By Charlie Kondek
Often, as I encounter writers whose work is new to me, there's a moment when I know, based on the prose, that this is a writer I want to spend more time with. Sometimes I'm fooled by a novel's opening paragraphs into investing more of my attention into something that, ultimately, does not please me. But more often, as I have sometimes noted in this very blog, there are little "Aha!" moments of prose where I feel I realize, significantly, "This is the beginning of a relationship, a relationship between me and your words."
Such as been the case, for me, with Guy de Maupassant, whom I am discovering through a tattered Bantam Classic paperback of selected stories, Pierre and Jean (and others). I folded the corner on one passage that arrested my attention with the express intention of writing it down in this blog. This is from the delightful short story "Mouche."
Then one Saturday evening N'a-qu'un-Oeil brought us a thin, lively, vivacious little creature. She was always joking, and she had the comical nature that takes the place of wit in those who grow up in the streets of Paris. She was sweet, not pretty, a sketch of a woman in which there was a little of everything, one of those silhouettes that an artist draws on the tablecloth after dinner, between a glass of brandy and a cigarette. Nature sometimes makes them like that.
That last part, that "nature sometimes makes them like that" is, for me, like the little extra howl that Marvin Gaye puts into a lyric, that something that just sinks it. Another, from "Marroca."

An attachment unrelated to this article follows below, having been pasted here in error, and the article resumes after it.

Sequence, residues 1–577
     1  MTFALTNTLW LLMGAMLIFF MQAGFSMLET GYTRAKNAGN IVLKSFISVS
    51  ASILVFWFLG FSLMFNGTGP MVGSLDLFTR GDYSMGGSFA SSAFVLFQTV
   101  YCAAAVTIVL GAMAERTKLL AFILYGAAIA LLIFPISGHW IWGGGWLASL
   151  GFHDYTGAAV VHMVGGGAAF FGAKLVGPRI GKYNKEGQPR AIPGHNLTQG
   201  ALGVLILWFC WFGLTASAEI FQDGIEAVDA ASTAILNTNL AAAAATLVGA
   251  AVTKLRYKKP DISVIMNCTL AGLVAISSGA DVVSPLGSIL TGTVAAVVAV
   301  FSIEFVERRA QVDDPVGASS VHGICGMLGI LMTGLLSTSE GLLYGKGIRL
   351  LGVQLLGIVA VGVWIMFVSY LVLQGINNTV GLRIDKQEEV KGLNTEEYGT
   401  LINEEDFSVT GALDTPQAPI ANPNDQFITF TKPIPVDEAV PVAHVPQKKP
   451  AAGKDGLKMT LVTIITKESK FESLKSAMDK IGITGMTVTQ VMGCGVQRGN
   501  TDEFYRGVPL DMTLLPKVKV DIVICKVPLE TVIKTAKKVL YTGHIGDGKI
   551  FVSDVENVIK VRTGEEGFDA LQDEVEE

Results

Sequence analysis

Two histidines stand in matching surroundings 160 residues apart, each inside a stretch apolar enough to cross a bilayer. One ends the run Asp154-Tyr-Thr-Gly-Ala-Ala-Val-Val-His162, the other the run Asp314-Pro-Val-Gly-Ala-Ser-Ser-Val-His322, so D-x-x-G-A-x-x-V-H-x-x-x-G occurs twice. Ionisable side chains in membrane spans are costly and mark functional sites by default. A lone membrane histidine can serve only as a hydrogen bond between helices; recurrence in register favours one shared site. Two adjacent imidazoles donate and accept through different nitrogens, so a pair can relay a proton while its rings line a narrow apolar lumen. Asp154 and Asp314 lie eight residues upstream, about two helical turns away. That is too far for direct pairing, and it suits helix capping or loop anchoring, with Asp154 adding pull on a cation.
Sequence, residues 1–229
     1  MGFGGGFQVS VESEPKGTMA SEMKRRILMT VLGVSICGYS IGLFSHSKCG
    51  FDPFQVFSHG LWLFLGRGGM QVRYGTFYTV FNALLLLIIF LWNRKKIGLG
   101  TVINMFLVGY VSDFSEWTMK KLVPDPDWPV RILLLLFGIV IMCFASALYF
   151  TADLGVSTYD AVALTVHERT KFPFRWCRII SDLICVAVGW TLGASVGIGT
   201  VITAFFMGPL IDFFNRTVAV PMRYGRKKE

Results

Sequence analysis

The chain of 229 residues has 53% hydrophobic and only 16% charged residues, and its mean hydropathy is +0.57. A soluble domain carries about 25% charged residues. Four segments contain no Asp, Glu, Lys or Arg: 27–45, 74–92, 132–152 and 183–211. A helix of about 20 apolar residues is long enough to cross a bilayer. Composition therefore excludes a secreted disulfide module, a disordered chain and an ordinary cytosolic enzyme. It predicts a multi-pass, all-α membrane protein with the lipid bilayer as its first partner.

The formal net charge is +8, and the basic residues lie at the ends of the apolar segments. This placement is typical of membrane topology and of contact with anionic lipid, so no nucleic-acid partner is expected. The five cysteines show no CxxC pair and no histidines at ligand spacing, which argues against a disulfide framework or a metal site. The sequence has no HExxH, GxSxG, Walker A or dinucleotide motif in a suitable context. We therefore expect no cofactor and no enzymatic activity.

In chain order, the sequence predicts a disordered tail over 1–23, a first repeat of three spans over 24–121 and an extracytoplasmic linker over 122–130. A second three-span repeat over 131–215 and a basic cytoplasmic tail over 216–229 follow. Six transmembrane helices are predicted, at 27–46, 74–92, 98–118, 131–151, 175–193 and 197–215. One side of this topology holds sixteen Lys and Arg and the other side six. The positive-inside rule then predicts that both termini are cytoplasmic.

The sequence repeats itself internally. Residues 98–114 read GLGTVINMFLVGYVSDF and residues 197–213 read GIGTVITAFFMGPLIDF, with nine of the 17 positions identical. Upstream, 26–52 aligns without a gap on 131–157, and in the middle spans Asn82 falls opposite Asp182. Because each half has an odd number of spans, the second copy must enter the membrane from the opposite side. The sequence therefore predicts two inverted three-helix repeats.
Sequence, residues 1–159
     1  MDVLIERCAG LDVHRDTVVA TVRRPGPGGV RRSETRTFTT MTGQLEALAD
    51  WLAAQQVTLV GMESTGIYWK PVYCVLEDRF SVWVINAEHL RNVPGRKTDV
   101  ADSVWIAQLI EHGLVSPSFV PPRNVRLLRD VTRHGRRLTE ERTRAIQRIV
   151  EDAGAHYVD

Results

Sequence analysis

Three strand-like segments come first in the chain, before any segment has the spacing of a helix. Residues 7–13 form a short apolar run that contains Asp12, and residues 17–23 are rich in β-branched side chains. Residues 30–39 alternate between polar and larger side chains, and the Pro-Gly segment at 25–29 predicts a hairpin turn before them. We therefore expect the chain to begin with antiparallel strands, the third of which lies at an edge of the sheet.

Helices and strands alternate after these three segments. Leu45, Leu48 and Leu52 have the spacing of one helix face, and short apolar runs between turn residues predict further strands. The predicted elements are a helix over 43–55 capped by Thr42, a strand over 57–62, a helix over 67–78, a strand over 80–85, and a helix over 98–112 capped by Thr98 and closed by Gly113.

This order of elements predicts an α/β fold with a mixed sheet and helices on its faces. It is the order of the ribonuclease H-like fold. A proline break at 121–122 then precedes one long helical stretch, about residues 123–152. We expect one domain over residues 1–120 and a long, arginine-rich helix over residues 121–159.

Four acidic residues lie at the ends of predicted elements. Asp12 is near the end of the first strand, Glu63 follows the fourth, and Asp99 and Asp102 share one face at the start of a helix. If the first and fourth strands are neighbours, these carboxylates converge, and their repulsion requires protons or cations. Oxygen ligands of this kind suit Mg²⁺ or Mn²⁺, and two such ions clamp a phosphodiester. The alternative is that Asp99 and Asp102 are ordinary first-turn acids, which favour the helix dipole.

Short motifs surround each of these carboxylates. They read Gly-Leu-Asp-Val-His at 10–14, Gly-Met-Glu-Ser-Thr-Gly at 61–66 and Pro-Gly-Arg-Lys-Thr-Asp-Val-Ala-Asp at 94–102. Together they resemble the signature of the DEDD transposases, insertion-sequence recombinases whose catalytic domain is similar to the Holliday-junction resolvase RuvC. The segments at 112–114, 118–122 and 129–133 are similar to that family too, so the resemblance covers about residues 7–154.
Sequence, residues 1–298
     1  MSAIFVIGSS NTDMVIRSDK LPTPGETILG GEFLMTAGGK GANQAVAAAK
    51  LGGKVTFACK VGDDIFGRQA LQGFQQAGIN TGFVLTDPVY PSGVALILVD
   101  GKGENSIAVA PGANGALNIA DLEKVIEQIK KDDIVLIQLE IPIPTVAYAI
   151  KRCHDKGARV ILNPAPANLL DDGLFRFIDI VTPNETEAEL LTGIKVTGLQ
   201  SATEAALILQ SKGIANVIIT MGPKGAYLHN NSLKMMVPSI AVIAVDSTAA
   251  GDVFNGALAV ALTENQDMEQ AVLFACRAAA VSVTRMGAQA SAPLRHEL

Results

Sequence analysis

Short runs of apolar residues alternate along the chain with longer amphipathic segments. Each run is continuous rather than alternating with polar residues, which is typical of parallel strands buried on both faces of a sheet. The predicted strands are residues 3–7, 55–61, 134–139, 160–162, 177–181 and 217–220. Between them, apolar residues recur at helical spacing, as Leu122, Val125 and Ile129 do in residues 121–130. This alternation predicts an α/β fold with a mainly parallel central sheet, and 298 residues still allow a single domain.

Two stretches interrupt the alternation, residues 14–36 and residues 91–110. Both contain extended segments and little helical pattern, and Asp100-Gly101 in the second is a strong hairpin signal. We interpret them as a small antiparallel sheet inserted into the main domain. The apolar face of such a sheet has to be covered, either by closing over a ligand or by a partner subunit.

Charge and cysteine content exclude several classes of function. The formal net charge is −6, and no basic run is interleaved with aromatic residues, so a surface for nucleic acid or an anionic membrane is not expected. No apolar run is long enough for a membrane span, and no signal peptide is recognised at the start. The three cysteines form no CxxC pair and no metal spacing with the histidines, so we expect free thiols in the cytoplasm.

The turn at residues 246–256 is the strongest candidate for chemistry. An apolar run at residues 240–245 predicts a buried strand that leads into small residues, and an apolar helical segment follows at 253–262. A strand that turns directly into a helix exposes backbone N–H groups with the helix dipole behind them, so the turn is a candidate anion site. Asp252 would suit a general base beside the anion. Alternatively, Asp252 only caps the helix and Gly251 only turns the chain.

Her mind was as simple as two and two make four, and her loud laugh took the place of thought.
Instinctively proud of her beauty, she had a strong aversion to covering her body with even the thinnest veil; she walked, ran and frolicked in my house with bold, unconscious immodesty. When she was finally sated with love, exhausted from frenzied cries and movement, she would sleep placidly in my arms while the overpowering heat covered her sun-darkened skin with little beads of sweat and brought forth, from under her upraised arms and from all her secret recesses, that musky smell which pleases the male.
"That musky smell which pleases the male," that's a detail, a something special, a something specific, that weights an already finely-balanced sword of a sentence with a penetrating point. It's written with inside knowledge but also authority, and it's pretty, and truthful.
If I have any complaints about de Maupassant at all, at this point, it's that the stories I've encountered so far are mostly fixated on the frenzied sex lives of the 19th-century French sophistes which, in repetition, comes to sound like a literary excuse for telling a dirty joke, a dressed up version of "did you hear the one about the traveling salesman who spent the night in the farmer's barn?" But that's a minor quibble, and the point is, I know. I know I'll be spending more time with Guy de Maupassant and his vivacious creations.